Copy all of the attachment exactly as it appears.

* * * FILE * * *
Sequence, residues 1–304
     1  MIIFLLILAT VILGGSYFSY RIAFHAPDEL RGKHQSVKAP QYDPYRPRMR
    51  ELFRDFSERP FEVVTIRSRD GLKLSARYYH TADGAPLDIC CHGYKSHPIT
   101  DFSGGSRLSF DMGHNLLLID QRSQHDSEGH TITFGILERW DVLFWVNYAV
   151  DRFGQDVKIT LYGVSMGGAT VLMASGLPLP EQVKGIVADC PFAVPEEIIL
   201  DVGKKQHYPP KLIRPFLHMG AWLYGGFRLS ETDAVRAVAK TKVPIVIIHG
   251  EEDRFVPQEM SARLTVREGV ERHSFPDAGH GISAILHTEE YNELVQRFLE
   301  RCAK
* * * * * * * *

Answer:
Sequence, residues 1–304
     1  MIIFLLILAT VILGGSYFSY RIAFHAPDEL RGKHQSVKAP QYDPYRPRMR
    51  ELFRDFSERP FEVVTIRSRD GLKLSARYYH TADGAPLDIC CHGYKSHPIT
   101  DFSGGSRLSF DMGHNLLLID QRSQHDSEGH TITFGILERW DVLFWVNYAV
   151  DRFGQDVKIT LYGVSMGGAT VLMASGLPLP EQVKGIVADC PFAVPEEIIL
   201  DVGKKQHYPP KLIRPFLHMG AWLYGGFRLS ETDAVRAVAK TKVPIVIIHG
   251  EEDRFVPQEM SARLTVREGV ERHSFPDAGH GISAILHTEE YNELVQRFLE
   301  RCAK